• Change the vegetables. Everybody craves different vegetables, and everybody’s body reacts differently to various veggies. You can use any vegetables you want in this recipe, so have fun trying new flavor combinations, and experimenting until you find the vegetables that make your gut health feel its absolute best. 
  • Use lentils. Mung dal is the traditional base for this recipe, and it’s my favorite. But it can be fun to mix it up and try making this recipe with various types of lentils instead.
  • Wash your rice. Make sure to wash your basmati rice before adding it to the pot. Washing the rice rinses off some of the starch, which will keep your kitchari from becoming gummy and lumpy. 
  • Use homemade broth. You can add a boost of flavor to this recipe by making your own homemade vegetable broth. Homemade broth is always better than what you’ll find in the store, and my recipe for Instant Pot mushroom vegan bone broth goes brilliantly with the spices in this kitchari. 
  • Adjust the texture. Just as with porridge or oatmeal, everybody has a different preferred texture for kitchari. Once it’s done cooking, see if you like the texture. If it’s too runny for you, keep cooking it until it’s the right consistency. If it’s too thick for you, then add some more water or vegetable broth until it’s perfect. 
  • Use an Instant Pot. This recipe is super easy as is, but if you have an Instant Pot it can get even easier. To make kitchari in the instant pot, heat all of the spices on the sauté setting. Then add the rest of the ingredients, and pressure cook on high for 8 minutes. It’s that simple! 
Close up of a spoon in a bowl of kitchari, topped with cilantro, yogurt, and fresh lime.

How to Store and Reheat Leftover Kitchari

Kitchari stores well and easily. Keep it in an airtight container, and it will last in the fridge for up to 4 days. You can quickly reheat it in the microwave in 30-second increments at 80% power until it’s heated all the way through. 

Can I Freeze This Recipe?

Yes, you can freeze kitchari to ensure that you have an amazing gut health food in your freezer whenever you need it. Store it in an airtight bag in the freezer for up to 3 months, and thaw or defrost fully before reheating. 

Close up overhead of a bowl of kitchari topped with cilantro, yogurt, and lime wedges, with a spoon in it.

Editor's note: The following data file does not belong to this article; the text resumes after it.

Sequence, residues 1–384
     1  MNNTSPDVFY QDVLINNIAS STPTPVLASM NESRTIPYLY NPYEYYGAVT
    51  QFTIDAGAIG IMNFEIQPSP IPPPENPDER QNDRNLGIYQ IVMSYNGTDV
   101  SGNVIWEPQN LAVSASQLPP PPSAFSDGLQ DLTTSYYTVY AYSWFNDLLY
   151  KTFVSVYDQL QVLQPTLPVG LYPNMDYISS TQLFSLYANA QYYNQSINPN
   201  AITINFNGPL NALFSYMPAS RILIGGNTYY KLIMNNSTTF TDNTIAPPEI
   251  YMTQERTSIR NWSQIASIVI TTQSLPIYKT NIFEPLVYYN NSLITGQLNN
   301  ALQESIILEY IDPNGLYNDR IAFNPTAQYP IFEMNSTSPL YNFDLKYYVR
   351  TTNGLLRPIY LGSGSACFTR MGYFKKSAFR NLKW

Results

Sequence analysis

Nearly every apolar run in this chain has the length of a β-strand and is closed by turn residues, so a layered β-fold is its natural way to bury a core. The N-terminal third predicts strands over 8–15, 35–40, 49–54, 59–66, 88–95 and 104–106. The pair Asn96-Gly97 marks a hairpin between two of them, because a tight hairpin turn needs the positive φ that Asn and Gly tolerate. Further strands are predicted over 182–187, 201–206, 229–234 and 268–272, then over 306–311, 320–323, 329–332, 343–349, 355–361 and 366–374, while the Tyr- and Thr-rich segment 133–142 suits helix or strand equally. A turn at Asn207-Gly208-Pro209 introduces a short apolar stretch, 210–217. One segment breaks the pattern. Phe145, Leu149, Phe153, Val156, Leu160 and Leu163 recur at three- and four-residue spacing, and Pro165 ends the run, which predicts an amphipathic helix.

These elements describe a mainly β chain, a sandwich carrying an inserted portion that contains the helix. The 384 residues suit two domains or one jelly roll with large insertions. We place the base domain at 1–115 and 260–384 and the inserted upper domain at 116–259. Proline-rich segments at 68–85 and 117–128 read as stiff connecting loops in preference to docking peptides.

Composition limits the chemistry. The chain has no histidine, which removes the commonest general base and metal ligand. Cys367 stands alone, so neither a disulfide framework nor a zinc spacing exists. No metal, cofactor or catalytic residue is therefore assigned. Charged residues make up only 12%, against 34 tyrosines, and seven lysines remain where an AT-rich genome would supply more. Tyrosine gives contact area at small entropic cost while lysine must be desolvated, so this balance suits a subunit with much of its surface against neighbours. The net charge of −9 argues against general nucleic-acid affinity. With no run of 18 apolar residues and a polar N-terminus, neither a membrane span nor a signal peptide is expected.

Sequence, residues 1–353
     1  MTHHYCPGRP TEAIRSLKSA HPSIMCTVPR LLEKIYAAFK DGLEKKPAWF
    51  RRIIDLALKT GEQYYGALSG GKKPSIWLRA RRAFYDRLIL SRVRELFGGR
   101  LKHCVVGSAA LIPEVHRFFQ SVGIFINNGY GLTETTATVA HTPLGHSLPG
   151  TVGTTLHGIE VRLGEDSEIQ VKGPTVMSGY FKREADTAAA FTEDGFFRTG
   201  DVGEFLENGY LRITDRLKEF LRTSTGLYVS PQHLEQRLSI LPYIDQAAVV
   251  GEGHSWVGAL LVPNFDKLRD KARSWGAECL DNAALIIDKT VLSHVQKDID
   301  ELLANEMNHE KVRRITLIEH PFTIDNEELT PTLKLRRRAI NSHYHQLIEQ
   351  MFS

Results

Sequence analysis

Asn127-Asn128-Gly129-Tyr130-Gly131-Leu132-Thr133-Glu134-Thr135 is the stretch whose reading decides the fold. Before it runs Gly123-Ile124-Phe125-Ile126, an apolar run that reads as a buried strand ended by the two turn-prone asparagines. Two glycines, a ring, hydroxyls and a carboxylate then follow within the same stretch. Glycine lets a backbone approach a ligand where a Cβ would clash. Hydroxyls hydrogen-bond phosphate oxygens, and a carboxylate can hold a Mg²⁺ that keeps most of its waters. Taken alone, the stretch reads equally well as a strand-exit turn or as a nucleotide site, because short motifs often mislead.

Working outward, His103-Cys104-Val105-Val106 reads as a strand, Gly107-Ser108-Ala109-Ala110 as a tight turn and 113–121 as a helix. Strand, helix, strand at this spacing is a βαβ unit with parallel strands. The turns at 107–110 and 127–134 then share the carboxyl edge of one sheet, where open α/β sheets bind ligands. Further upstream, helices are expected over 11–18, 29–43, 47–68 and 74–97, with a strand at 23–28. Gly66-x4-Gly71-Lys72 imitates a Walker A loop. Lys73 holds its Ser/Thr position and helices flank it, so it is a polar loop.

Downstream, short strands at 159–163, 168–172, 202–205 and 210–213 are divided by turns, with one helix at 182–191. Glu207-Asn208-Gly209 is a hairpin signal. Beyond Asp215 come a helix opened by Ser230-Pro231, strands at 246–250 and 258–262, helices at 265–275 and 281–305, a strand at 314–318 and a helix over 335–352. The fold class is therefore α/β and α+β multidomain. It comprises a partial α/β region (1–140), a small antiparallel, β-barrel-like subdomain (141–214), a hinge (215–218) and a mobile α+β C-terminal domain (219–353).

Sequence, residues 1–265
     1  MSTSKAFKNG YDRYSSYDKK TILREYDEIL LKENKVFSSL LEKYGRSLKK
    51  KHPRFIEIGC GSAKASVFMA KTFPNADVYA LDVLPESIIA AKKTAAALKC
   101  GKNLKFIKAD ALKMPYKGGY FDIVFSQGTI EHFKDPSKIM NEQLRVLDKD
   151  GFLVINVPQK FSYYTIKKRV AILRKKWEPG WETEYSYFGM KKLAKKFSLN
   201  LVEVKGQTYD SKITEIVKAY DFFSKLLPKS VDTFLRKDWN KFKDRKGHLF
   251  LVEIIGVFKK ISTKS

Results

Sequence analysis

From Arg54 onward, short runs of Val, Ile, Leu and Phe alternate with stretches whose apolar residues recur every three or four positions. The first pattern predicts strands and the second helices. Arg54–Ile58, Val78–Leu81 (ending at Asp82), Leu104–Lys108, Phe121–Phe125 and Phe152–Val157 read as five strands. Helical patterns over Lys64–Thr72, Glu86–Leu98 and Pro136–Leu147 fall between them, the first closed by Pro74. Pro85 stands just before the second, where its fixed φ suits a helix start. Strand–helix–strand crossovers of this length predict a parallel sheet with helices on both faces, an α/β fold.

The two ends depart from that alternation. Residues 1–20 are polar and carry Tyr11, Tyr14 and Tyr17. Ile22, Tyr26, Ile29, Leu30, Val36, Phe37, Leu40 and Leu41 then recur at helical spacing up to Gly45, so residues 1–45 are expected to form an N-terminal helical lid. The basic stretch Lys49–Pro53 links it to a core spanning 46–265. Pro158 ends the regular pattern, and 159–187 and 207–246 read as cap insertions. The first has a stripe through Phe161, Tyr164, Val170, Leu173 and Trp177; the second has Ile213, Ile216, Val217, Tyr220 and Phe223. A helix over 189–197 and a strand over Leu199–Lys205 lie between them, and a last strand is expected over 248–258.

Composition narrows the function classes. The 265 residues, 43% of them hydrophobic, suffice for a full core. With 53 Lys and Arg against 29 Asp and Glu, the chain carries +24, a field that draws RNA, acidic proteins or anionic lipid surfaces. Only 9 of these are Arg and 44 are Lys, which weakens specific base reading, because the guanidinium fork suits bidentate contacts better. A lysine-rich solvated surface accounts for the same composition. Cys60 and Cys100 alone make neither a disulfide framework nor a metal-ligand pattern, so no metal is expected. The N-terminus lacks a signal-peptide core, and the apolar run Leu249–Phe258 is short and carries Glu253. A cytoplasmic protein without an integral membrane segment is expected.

More Recipes That Are Good for Your Gut Health

Kitchari is one of my favorite recipes for taking care of my gut health. Here are a few of my other favorites.

Kitchari Recipe

This kitchari recipe is full of flavor, great for your gut health, and healing for your mind and body. It's a staple of Ayurvedic eating, and easy to make.
Prep Time 15 minutes
Cook Time 1 hour
Total Time 1 hour 15 minutes
Servings 8 servings
Calories 343kcal
Print Pin
A bowl of kitchari topped with yogurt, cilantro, and limes, with a spoon in it, with a bowl of kitchari and a bowl of cilantro in the background
4.48 from 48 votes



  • Heat the oil in a large stockpot or dutch oven. Once melted, add the spices. Cook the spices in the oil until they start to become quite aromatic, about 2 – 3 minutes. From there add the garlic and onion/shallots and cook another 2 minutes or so.
  • Add the beans, rice and veggies and give it a quick stir to ensure the spices are evenly coating the rest of the ingredients. Pour in the liquids and stir in the bay leaves.
  • Bring the mixture to a boil, then reduce to simmer and cover and cook for about an hour. Remove the lid, give the mixture a good stir and add a touch more liquid if desired.
  • When ready to serve, portion out between bowls. Top with cilantro and coconut yogurt if desired.


Store the kitchari in an airtight container in the fridge for up to 4 days, or in the freezer for up to 3 months. Reheat in the microwave on 80% power in 30-second increments. 


Calories: 343kcal | Carbohydrates: 59g | Protein: 18g | Fat: 5g | Saturated Fat: 3g | Polyunsaturated Fat: 0.2g | Monounsaturated Fat: 0.5g | Sodium: 346mg | Potassium: 395mg | Fiber: 9g | Sugar: 4g | Vitamin A: 113IU | Vitamin C: 50mg | Calcium: 73mg | Iron: 4mg

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About Alyssa

Hey there, I’m Alyssa Rimmer, a certified Holistic Nutritionist, yoga-lover, dog mom, and founder of Simply Quinoa. It’s nice to meet you! I created SQ as a way to provide solutions for women just like me, who were struggling to find helpful information about how to live a healthy and fulfilled life. My hope is that you will find inspiration here on SQ – in my story, in my recipes, in the hundreds of wellness articles, and in our amazing community. Welcome!

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  1. Can you substitute the whole cumin seeds for ground cumin seed? And the fenugreek seeds for ground fenugreek? I know whole is preferable but that’s what I already have.